Dir: Terence Fisher
Star: Peter Cushing, Michael Gough, Christopher Lee, Carol Marsh
a.k.a. Horror of Dracula
After the success of their Frankenstein adaptation the previous year, doing the same for Dracula seemed a natural step for Hammer. And if its predecessor was a hit, this time they knocked it out of the park, with a version that, arguably, is still the best ever of the story. In an interesting twist, this take has Jonathan Harker an active vampire hunter, who tries and fails to slay Count Dracula (Lee), though does take down the Count’s bride. His partner, Abraham Van Helsing (Cushing) arrives too late, just missing Dracula and having instead to stake Harker. The Count has moved on, and his quest to take revenge for his bride on Harker’s fiancée, Lucy (Marsh), kicks off an escalating battle with Van Helsing and Lucy’s brother, Arthur Holmwood (Gough).
Cushing is just awesome. The key thing about any portrayal of Van Helsing, is being able to sell the concept of vampires being real. You need to believe he believes, and that’s not an issue here, Cushing being thoroughly convincing and speaking with impeccable command and authority. As a result you’re prepared to fall in behind Van Helsing, when he delivers lines such as, “If I am to help your sister-in-law, there are certain things you must do to help me, however unorthodox they may appear.” The other half of the equation is Lee, even though the two only share the screen right at the end. It’s a bit of a shame we don’t see more of the urbane aristocrat depicted at the start. For once the fangs come out, he’s a feral predator, and I’m not sure the Count says another word the rest of the film – unless intense hissing qualifies?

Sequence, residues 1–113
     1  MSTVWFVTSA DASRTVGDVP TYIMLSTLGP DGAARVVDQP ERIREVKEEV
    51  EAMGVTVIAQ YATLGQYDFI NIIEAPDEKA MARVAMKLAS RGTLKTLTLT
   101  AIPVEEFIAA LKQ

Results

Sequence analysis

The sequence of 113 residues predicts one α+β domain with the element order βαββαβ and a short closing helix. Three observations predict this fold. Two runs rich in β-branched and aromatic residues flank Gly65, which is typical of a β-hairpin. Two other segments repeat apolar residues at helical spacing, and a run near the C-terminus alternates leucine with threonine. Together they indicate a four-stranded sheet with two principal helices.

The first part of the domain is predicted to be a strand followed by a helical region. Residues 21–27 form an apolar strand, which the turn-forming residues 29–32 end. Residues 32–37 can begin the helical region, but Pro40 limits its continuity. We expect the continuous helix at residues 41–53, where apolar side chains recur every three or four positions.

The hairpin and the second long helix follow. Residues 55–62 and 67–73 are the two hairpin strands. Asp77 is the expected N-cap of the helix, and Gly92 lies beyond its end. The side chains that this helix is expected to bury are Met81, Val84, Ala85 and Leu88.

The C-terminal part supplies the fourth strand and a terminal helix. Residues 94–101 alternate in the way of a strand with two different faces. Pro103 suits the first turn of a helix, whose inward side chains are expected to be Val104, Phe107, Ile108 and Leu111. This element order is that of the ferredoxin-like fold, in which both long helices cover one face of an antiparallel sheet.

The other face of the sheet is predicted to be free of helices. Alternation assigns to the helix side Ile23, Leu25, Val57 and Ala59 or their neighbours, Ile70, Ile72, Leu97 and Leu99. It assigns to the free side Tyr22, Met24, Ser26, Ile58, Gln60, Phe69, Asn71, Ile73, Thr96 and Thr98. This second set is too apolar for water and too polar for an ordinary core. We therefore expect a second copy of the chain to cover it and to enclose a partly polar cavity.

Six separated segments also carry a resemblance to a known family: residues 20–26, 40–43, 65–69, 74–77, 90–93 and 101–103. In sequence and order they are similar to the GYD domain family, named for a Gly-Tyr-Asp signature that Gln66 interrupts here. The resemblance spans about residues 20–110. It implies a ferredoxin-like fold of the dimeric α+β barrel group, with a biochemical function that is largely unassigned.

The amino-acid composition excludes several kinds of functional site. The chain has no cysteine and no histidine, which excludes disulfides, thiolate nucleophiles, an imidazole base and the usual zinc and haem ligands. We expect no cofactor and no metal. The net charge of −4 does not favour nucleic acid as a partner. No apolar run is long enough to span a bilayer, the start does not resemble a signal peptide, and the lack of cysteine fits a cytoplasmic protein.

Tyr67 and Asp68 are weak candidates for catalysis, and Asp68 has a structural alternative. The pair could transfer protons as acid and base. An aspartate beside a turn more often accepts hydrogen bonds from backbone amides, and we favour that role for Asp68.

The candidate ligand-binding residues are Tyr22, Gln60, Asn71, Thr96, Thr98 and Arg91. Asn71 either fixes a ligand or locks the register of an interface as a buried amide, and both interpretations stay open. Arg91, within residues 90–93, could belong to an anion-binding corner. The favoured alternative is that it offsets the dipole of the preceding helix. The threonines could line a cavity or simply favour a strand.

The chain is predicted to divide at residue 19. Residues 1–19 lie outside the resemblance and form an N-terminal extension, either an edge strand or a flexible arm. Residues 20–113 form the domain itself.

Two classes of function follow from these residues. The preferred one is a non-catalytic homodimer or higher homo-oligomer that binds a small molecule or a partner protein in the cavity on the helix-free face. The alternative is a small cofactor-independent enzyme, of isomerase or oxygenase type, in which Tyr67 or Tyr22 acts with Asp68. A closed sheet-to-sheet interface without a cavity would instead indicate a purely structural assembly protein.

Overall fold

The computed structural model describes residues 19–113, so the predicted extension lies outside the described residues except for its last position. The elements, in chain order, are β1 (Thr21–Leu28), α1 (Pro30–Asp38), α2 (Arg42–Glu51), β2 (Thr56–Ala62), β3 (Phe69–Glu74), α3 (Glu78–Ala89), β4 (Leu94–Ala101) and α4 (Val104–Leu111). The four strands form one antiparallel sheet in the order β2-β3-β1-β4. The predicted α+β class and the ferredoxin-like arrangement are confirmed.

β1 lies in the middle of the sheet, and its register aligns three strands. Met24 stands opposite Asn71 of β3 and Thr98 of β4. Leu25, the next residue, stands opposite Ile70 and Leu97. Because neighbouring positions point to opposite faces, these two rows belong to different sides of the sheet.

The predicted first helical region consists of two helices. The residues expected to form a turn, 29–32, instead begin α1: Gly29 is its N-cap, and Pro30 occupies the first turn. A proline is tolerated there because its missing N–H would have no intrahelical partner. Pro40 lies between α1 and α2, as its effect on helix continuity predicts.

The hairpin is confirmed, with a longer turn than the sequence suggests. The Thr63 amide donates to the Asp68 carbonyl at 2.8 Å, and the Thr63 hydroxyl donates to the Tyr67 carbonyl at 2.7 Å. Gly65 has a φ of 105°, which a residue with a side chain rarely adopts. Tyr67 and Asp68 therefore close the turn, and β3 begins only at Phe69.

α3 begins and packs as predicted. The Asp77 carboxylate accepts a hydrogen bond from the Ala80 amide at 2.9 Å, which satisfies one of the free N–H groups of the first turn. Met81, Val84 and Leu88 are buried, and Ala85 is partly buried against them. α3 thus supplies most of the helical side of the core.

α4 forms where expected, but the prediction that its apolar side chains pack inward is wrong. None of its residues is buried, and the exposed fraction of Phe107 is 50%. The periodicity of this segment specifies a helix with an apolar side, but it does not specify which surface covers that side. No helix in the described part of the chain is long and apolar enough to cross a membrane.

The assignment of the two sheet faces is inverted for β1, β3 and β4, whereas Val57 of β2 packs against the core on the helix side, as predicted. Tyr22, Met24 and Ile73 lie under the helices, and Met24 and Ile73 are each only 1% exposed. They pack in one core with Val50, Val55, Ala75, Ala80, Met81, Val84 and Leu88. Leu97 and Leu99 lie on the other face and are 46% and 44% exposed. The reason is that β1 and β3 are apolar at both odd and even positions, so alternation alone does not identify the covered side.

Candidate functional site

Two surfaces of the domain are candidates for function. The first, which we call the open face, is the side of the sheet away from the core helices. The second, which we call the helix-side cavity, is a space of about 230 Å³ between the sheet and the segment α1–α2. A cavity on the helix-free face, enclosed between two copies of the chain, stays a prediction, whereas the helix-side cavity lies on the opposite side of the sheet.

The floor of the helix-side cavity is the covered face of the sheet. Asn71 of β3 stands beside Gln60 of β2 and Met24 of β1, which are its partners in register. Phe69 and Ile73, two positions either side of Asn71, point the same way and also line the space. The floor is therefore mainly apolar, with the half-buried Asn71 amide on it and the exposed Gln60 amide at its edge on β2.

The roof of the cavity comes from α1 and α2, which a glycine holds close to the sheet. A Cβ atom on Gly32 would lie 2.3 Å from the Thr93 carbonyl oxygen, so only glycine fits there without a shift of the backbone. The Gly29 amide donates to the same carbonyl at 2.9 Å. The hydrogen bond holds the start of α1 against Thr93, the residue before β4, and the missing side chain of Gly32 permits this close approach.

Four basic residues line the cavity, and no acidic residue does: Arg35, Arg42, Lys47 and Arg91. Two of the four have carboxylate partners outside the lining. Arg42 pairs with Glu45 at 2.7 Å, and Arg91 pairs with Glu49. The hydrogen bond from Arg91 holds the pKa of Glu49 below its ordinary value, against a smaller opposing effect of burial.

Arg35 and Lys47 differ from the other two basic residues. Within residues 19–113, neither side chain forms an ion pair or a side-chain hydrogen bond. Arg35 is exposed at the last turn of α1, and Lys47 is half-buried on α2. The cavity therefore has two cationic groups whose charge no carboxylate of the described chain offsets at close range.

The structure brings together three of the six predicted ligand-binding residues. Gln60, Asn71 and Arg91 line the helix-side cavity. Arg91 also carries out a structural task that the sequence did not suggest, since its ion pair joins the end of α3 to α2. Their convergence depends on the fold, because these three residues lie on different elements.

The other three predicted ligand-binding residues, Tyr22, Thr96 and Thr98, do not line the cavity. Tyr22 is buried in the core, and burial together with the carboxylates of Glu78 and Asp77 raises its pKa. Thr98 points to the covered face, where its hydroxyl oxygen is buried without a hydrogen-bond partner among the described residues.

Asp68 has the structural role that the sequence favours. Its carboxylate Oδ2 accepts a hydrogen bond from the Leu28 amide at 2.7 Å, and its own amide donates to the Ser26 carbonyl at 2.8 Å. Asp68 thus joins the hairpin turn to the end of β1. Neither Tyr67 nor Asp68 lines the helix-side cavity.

If there’s a weak link in the performances, it’s probably Gough, who to this viewer, comes over as a low-rent version of Benedict Cumberbatch. The women mostly look decorative in Gothic nightgowns, though Marsh exudes a certain creepiness after her death. There’s also the entirely unnecessary comic relief offered by a customs official, who appears to have been auditioning for Carry On Sergeant (the first entry in that franchise, released later the same summer). The technical side certainly isn’t an issue. One benefit of making a period piece, is that it’s less likely to date, and everything crackles on the screen as if this was a contemporary production. Of particular note: Jimmy Sangster’s script covers all the necessary elements, Jack Asher’s lush cinematography, and James Bernard’s score, which all but requires you to sing along: “DRA-cu-laaaaaa…”
Certainly, it all seems very restrained by modern standards, and the final sequence, in which Dracula “melts” when exposed to sunlight, is about the level of a bargain Halloween haunt effect. Yet, again, Cushing and Lee sell it so effectively, that the quality doesn’t really matter. The horror on Van Helsing’s face and the agony being experienced by the Count transcend the wobbly execution, and give it a punch far beyond what it deserves. Special effects may age; great performances, not so much.
This article is part of 31 Days of Horror.